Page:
Minutes of the Monetary Policy Meeting of the Reserve Bank Board
Sydney – 7 March 2017
Philip Lowe (Governor and Chair), Guy Debelle (Deputy Governor), John Akehurst, Kathryn Fagg, John Fraser (Secretary to the Treasury), Ian Harper, Allan Moss AO, Carol Schwartz AM, Catherine Tanna
Luci Ellis (Assistant Governor, Economic), Christopher Kent (Assistant Governor, Financial Markets), Alexandra Heath (Head, Economic Analysis Department)
Anthony Dickman (Secretary), Andrea Brischetto (Deputy Secretary)
International Economic Conditions
Members commenced their discussion of international developments by noting that forecasts by private sector analysts for growth in the major economies in 2017 had been revised upwards since mid 2016. Growth in global industrial production and merchandise trade had picked up further and survey measures of business conditions had remained at high levels. Headline inflation in the major advanced economies had increased noticeably in recent months, largely as a result of higher oil prices, to be close to most central banks' targets. However, core inflation had generally remained low.
The Chinese National People's Congress had announced a growth target for the Chinese economy in 2017 of around 6.5 per cent (or higher, if possible), which is only slightly lower than the pace of growth recorded for 2016. This suggested that the authorities would continue to use policy to support near-term growth. However, policymakers had also increased their focus on addressing the risks to longer-term growth. The People's Bank of China had signalled a reduction in monetary stimulus, reflecting concerns about rising financial stability risks, and the target for growth in total social financing had been lowered slightly to 12 per cent. Additional measures had also been put in place to curb rapid housing price growth in some cities. Members noted that there had been a pick-up in the growth of non-bank and off-balance sheet lending.
In the United States, consumption had been the key driver of expenditure growth over 2016, supported by continuing improvements in labour market conditions. Investment intentions had picked up significantly and the number of active oil rigs had increased in response to the higher level of oil prices. Fiscal policy was also expected to be expansionary under the new administration and the US economy was expected to grow above its potential rate in 2017. Members noted that the volume of trade destined for the United States had fallen significantly as a share of total global trade since the late 1990s. Nevertheless, a move to more protectionist policies would still be damaging for the medium-term outlook for both the US and global economies. Above-average growth in unit labour costs, higher oil prices and more expansionary fiscal policy were all expected to contribute to a further rise in core inflation, which had increased since 2015 to be only a little below the Federal Reserve's goal.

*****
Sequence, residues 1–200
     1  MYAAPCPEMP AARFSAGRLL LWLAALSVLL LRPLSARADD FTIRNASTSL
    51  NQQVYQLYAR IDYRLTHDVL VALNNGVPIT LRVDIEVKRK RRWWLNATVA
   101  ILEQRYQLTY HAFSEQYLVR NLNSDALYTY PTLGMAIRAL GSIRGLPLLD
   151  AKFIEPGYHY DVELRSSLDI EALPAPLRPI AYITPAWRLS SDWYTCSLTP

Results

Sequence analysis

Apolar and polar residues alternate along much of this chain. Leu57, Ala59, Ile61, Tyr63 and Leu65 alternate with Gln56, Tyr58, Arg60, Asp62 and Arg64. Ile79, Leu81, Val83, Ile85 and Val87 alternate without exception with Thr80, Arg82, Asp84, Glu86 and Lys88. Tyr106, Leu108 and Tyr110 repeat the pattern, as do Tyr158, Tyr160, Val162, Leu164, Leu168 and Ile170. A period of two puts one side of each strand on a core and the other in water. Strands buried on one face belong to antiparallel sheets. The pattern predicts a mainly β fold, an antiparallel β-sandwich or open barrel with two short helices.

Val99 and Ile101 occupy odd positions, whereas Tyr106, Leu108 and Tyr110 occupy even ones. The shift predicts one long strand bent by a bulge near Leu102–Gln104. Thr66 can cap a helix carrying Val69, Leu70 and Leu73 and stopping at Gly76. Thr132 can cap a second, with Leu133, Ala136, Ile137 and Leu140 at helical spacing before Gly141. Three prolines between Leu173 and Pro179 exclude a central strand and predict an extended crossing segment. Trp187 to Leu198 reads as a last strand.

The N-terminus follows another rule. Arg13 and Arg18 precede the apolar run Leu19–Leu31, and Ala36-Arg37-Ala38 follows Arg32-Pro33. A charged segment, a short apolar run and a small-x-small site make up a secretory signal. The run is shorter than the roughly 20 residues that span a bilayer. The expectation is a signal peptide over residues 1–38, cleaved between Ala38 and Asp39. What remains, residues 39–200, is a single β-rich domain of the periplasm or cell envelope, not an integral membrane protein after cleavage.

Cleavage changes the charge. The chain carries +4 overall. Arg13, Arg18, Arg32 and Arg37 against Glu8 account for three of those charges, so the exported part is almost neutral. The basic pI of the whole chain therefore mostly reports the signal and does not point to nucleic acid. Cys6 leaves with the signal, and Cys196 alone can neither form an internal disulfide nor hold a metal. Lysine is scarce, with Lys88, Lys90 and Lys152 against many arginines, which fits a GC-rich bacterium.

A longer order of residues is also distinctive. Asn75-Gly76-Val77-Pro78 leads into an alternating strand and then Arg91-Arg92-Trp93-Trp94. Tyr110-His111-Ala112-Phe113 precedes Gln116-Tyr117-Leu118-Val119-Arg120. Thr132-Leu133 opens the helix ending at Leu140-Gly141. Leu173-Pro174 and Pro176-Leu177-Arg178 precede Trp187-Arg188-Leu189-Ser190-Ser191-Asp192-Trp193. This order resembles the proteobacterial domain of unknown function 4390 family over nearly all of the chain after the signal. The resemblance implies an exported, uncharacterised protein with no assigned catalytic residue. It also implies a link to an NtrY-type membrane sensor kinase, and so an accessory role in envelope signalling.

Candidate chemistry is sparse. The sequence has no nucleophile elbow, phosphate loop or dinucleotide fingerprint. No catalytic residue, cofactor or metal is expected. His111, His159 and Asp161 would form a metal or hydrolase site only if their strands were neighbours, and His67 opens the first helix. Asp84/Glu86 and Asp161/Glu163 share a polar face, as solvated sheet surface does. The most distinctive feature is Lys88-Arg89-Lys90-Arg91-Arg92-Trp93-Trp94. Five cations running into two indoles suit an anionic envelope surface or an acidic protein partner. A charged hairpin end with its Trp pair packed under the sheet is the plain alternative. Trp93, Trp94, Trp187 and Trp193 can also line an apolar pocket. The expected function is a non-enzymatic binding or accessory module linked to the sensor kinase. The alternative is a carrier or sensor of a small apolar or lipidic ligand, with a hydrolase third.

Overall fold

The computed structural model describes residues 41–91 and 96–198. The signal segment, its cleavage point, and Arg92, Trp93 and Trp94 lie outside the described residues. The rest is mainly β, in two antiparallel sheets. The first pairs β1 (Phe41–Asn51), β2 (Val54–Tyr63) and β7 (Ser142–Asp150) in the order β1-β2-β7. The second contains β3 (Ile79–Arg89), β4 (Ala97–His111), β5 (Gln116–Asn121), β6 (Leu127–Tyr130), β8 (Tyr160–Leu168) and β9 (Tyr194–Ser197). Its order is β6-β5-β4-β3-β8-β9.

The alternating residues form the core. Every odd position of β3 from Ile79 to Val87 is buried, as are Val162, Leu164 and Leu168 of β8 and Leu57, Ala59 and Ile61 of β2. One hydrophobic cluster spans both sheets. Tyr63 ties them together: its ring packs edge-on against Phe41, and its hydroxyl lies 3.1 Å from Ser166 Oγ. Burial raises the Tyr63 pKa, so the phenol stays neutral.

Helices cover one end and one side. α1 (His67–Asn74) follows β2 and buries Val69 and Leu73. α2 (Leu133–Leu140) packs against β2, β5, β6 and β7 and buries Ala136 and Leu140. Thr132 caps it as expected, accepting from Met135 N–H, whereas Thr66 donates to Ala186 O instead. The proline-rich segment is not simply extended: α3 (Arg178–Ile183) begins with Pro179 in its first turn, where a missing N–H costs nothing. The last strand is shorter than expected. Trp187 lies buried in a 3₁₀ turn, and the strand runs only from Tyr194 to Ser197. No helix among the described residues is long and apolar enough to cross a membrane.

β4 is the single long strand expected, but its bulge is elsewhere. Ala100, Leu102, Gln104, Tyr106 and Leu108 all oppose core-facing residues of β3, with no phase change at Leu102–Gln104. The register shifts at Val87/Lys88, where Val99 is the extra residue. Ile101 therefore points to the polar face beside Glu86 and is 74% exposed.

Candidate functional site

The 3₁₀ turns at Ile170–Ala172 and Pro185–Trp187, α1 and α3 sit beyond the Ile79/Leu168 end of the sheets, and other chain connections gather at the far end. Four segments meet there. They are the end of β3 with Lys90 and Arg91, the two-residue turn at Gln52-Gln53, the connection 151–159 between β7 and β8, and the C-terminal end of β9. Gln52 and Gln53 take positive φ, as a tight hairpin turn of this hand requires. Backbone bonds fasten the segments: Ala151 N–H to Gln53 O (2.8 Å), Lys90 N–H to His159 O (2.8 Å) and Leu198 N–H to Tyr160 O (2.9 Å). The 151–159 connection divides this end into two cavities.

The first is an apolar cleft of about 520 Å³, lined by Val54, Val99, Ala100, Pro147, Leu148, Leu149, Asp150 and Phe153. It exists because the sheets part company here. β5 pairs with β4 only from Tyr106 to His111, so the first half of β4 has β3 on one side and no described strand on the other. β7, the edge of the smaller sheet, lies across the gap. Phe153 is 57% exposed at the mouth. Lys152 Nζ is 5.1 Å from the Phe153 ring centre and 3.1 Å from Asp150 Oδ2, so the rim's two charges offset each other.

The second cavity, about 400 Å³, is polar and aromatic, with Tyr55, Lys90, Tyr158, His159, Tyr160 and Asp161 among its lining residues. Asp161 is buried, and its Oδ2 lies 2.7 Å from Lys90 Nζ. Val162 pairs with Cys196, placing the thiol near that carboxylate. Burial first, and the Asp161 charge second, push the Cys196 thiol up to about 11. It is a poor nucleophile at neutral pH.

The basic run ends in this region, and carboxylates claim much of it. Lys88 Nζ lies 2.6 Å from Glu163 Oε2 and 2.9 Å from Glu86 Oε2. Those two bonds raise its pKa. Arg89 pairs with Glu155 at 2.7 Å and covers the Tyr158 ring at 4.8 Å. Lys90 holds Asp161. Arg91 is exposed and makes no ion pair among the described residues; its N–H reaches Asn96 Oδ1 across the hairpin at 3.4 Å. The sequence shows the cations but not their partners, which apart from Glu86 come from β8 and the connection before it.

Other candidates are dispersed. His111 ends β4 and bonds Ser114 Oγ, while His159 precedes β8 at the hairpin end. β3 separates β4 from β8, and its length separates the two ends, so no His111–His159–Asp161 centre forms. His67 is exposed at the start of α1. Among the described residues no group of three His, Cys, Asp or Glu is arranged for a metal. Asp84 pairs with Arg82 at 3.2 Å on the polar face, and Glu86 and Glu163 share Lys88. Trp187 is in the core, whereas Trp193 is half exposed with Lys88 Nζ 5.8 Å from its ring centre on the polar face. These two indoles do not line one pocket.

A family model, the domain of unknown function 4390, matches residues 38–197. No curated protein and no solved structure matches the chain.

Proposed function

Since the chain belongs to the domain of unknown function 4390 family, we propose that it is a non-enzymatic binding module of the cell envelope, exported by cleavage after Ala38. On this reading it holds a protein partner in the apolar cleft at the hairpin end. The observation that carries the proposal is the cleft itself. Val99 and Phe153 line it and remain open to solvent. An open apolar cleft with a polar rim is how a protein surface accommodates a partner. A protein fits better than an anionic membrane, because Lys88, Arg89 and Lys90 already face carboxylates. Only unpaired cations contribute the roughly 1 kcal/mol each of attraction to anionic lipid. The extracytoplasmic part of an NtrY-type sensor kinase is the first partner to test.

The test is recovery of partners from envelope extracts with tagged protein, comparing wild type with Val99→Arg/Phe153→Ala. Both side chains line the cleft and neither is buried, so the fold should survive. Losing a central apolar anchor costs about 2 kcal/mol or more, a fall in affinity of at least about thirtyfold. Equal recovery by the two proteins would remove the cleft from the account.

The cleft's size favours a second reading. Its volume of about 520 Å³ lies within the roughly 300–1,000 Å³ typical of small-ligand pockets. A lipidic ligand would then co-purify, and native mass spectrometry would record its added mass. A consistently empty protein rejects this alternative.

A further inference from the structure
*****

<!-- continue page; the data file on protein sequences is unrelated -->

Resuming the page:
The euro area and Japanese economies had grown faster than their potential growth rates over 2016, resulting in further improvements in labour market conditions. The unemployment rate in the euro area had fallen to its lowest level in seven years, while the unemployment rate in Japan had declined to a two-decade low. In both economies, core inflation had remained low, while headline inflation had increased, largely as a result of higher oil prices. In the euro area, headline inflation had increased to be consistent with the European Central Bank's target. Measures of inflation expectations in both economies had been steady or had increased.
Members observed that merchandise exports had picked up for the euro area and Japan towards the end of 2016. A significant increase in merchandise exports had also contributed to growth in East Asia. Members noted that the increase in global trade over the second half of 2016 had been underpinned by an improvement in global economic conditions, both for Australia's major trading partners and other parts of the world that were important sources of external demand for output from East Asia.
Australia's terms of trade had risen by around 15 per cent over the second half of 2016 and were expected to rise again in the March quarter. In February, prices for iron ore, base metals and crude oil had all reached their highest level in more than a year, although the price of coking coal had fallen from its peak in November. Some reversal in the terms of trade was still expected, although the recent improvement in global demand suggested that higher commodity prices could be more persistent than previously anticipated. Members noted that generalised strength in commodity prices tended to indicate an improvement in global demand conditions, but that factors affecting the supply of commodities had also affected prices.